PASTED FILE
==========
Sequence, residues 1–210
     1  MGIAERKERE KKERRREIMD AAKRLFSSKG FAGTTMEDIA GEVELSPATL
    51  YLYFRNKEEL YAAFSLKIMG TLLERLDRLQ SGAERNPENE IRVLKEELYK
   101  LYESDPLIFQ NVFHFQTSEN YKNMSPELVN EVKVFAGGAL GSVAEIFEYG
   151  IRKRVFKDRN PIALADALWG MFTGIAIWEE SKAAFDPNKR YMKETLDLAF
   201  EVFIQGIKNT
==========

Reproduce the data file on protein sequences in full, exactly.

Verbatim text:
Sequence, residues 1–210
     1  MGIAERKERE KKERRREIMD AAKRLFSSKG FAGTTMEDIA GEVELSPATL
    51  YLYFRNKEEL YAAFSLKIMG TLLERLDRLQ SGAERNPENE IRVLKEELYK
   101  LYESDPLIFQ NVFHFQTSEN YKNMSPELVN EVKVFAGGAL GSVAEIFEYG
   151  IRKRVFKDRN PIALADALWG MFTGIAIWEE SKAAFDPNKR YMKETLDLAF
   201  EVFIQGIKNT